It’s becoming more common to split build and deployment infrastructure into distinct entities, and the account boundary in AWS is a good line to split things.

Some of the tools don’t handle this that well, tho. CodePipeline is definitely one of them.

AWS have documentation on how to setup CodePipeline using remote resources, but I found the document to have too many coded steps (which makes it specific to their situation) and lacking in general concepts. I’m going to try to address the latter.

Basic structure

This assumes you are building and deploying the following way:

  • You have 2 accounts (could apply to more, but at minimum 2). One is for build / test and the other is for deployment / execution. I’m calling these build and test in here.
  • You are storing code in Git somewhere - Github in this case; building it in CodeBuild; and deploying it (in test) to a basic ECS Cluster and service. No Blue / Green, just redeploy the service with the new container and let ECS handle the deployment.
  • CodePipeline is orchestrating things for you

Environment Setup

CodePipeline needs a few things to get going, and as far as I can tell, they are difficult to do in the console, so I ended up using Terraform for it. I’m sure you could do them in the console and CLI, as the document above shows, I just found it easier to do it in Terraform. Plus, infrastructure as code. It's a good thing.

First, it needs somewhere to store the artefacts. This is a normal S3 bucket in the build account. The test account will need access to this, so you need to make sure that the bucket policy includes the root user in test having access to the bucket.

{
    "Version": "2012-10-17",
    "Statement": [
        {
            "Sid": "",
            "Effect": "Allow",
            "Principal": {
                "AWS": [
                    "arn:aws:iam::TEST_ACCOUNT_ID:root"
                ]
            },
            "Action": [
                "s3:PutObject",
                "s3:GetObjectVersion",
                "s3:GetObject",
                "s3:GetBucketLocation",
                "s3:GetBucketAcl"
            ],
            "Resource": [
                "arn:aws:s3:::BUCKET_NAME/*",
                "arn:aws:s3:::BUCKET_NAME"
            ]
        },

Next, you will need to make a custom KMS key and alias. Again, the root user of test needs access to this as a user, as does the role that CodeBuild and CodePipeline and running as. It doesn’t matter who can administrate it.

{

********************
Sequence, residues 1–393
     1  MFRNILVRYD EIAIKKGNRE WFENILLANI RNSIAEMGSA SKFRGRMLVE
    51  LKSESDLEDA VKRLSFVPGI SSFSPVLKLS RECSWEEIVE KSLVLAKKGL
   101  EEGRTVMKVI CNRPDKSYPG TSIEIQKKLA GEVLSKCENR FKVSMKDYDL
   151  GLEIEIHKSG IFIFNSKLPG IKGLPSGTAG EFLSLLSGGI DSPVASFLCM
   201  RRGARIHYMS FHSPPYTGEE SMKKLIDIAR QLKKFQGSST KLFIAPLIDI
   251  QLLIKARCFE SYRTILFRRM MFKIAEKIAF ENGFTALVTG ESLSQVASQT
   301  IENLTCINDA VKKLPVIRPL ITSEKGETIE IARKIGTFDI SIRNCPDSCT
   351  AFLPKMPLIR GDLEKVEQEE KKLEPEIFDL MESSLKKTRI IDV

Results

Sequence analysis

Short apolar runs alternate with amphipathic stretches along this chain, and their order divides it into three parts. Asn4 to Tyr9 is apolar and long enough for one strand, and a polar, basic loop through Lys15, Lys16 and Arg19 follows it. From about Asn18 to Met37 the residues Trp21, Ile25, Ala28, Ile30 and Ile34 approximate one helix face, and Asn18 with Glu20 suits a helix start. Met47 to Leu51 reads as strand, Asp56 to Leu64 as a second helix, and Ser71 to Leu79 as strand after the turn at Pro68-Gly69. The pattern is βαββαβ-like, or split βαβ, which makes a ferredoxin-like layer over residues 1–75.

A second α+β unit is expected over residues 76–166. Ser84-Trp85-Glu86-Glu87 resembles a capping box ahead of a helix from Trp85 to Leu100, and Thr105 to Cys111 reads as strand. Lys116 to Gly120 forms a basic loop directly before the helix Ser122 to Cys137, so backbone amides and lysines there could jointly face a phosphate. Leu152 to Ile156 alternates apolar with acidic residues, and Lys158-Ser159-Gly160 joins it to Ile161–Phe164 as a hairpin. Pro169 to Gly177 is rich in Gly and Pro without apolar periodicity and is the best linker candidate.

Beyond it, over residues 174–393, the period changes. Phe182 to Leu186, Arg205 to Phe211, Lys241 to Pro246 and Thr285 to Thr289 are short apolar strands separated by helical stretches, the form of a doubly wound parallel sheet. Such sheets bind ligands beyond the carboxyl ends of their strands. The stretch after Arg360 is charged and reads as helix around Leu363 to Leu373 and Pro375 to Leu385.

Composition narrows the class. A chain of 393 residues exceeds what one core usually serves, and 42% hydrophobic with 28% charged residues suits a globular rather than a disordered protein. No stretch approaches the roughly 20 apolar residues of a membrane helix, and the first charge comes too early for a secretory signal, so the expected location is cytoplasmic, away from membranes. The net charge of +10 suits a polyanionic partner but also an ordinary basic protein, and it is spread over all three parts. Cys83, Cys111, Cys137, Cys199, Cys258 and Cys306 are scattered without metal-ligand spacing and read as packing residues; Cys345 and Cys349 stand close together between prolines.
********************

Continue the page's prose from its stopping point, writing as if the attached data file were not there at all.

"Sid": "",
    "Effect": "Allow",
    "Principal": {
        "AWS": [
            "arn:aws:iam::TEST_ACCOUNT_ID:root",
            "arn:aws:iam::BUILD_ACCOUNT_ID:role/CODE_PIPELINE_ROLE",
            "arn:aws:iam::BUILD_ACCOUNT_ID:role/CODE_BUILD_ROLE"
        ]
    },
    "Action": [
        "kms:ReEncrypt*",
        "kms:GenerateDataKey*",
        "kms:Encrypt",
        "kms:DescribeKey",
        "kms:Decrypt"
    ],
    "Resource": "*"
},
{
    "Sid": "",
    "Effect": "Allow",
    "Principal": {
        "AWS": [
            "arn:aws:iam::TEST_ACCOUNT_ID:root",
            "arn:aws:iam::BUILD_ACCOUNT_ID:role/CODE_PIPELINE_ROLE",
            "arn:aws:iam::BUILD_ACCOUNT_ID:role/CODE_BUILD_ROLE"
        ]
    },
    "Action": [
        "kms:RevokeGrant",
        "kms:ListGrants",
        "kms:CreateGrant"
    ],
    "Resource": "*",
    "Condition": {
        "Bool": {
            "kms:GrantIsForAWSResource": "true"
        }
    }
}

You can also set it as the default key to use for encryption in the S3 bucket, tho that’s optional. CodePipeline and CodeBuild will upload with an encryption key regardless of the bucket setup.

Finally, you’ll need an ECR repository to store the container, and that will need to allow the test account root user to pull from it.

Build Setup

You will need a CodeBuild project which will do the container build, and push it to ECR.

This has CODEPIPELINE as the input and output artefact types, and it also must include a reference to the KMS key you created, otherwise CodeBuild will use the default aws/s3 key when it uploads artefacts, otherwise the test-deployment role in test will not be able to get to the artefacts. You can't share the default key between accounts.